4.  Write more patterns.

Ok, so Shawl Club is going into Season 2 in March, but I feel the need to do a wider range of patterns than just shawls.  A mixture of quick makes and more extended projects.  I might even venture into one or two knitting patterns if I am feeling very brave, but that might be a step too far for me.

5. Do a yarn show.

Ok, so this one terrifies me.  Sue talked me into this one.  At the moment I don’t know which show, and it will probably only be one day, and I need to do my sums properly re how to make it work for me.  I love the idea of it, I am just worried that it might be a bit too soon for me, and there would be a huge amount of work required to get my stall elements ready in time. So I am not sure if I can pull this one off, but I am certainly going to look seriously at it.  I just need to sit here and feel a bit sick at the thought of it for a while.

6. Do a book.

Now, I write for a living, so the idea of writing a book doesn’t daunt me, but I haven’t self- produced the whole thing before, so that would be the challenge.  I have two book concepts in my head – one requires more work than the other – but I think I could get the book thing to work with a bit of peer support and some planned leave from work.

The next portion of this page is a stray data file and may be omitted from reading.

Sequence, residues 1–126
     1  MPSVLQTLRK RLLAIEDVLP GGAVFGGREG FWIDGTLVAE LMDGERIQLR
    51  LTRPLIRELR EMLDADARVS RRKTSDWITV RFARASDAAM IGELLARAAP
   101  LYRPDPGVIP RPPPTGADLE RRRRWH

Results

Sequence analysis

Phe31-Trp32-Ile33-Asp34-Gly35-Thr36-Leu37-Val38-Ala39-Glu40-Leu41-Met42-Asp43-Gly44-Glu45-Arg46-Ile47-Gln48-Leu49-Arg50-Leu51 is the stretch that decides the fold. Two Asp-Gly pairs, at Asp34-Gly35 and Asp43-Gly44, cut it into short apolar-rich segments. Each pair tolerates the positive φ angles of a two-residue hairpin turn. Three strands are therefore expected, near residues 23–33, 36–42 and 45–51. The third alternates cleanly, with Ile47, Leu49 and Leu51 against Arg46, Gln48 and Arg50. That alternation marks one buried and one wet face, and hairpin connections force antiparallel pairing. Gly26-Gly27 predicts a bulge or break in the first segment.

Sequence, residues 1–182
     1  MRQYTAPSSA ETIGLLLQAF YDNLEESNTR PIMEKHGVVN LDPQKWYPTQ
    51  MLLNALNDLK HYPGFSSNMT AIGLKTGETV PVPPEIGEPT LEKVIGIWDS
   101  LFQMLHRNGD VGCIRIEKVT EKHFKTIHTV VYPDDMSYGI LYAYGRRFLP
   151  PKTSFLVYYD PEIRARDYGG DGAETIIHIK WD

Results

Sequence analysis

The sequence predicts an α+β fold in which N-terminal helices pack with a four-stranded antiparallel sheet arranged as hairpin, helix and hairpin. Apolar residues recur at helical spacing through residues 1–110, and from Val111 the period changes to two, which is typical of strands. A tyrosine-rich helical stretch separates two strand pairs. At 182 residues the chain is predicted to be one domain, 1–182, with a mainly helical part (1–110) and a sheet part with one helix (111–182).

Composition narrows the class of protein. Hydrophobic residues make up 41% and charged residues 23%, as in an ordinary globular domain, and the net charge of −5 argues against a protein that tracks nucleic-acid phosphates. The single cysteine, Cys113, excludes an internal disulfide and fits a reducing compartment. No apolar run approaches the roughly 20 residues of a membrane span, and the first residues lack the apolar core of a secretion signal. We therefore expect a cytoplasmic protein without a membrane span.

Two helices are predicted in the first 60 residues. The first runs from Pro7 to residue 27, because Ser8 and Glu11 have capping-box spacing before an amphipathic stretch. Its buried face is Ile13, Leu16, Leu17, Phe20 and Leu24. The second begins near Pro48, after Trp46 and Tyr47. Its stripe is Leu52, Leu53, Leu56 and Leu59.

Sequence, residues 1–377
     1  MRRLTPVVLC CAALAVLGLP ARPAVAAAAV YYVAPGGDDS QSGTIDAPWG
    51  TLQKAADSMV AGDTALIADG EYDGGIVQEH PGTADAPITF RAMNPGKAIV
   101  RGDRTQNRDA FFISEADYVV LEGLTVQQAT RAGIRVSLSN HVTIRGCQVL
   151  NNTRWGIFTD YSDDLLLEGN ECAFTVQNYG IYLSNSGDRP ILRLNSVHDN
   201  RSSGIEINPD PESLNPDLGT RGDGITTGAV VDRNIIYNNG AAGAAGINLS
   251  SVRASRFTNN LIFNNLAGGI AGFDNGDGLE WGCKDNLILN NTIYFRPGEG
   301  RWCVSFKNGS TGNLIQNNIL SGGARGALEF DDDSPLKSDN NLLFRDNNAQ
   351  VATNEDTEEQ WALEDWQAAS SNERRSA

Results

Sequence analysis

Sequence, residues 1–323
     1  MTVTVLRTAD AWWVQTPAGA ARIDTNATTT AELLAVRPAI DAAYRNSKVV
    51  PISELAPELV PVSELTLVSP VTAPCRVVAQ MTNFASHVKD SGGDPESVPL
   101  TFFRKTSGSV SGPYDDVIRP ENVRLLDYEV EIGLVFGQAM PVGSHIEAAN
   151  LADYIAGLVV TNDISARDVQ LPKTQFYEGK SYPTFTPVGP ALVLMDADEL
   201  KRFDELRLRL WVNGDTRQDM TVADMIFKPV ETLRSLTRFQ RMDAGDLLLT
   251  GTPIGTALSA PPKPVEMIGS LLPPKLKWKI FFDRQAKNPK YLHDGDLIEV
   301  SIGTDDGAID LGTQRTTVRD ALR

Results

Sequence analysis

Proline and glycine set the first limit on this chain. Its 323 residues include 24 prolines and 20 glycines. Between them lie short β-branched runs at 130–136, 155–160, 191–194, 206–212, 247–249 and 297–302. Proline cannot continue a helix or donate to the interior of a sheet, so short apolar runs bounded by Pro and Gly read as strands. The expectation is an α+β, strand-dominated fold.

So there you go – six of the best.  Let’s see how many I can tick off.  Can I do it?  Should I do it?  Hmm. Let’s see…

Granny Blanket: Part 2

Blog followers will know that recently I started to post the instructions for constructing this granny blanket (the ‘knackered granny blanket’!).

Part 1 covered the instructions for making the five granny squares you need to start off with.  Hopefully by now you have your granny squares made and ready for joining.   To join them together, you will need your turquoise blue yarn (if you are following the colour scheme pictured here).

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Reminder: UK Crochet terms are used throughout. TB refers to a Treble Crochet in UK terminology (DC in US terminology).

Special Stitch: TB3tog.  Yarn over hook (YOH), insert hook in space, YOH and pull up a loop, YOH and pull through first two stitches on hook only (2 loops on hook); yarn over hook (YOH), insert hook in space, YOH and pull up a loop, YOH and pull through first two stitches on hook only (3 loops on hook); yarn over hook (YOH), insert hook in space, YOH and pull up a loop, YOH and pull through first two stitches on hook only (4 loops on hook). Finally, YOH and pull yarn through all stitches on hook.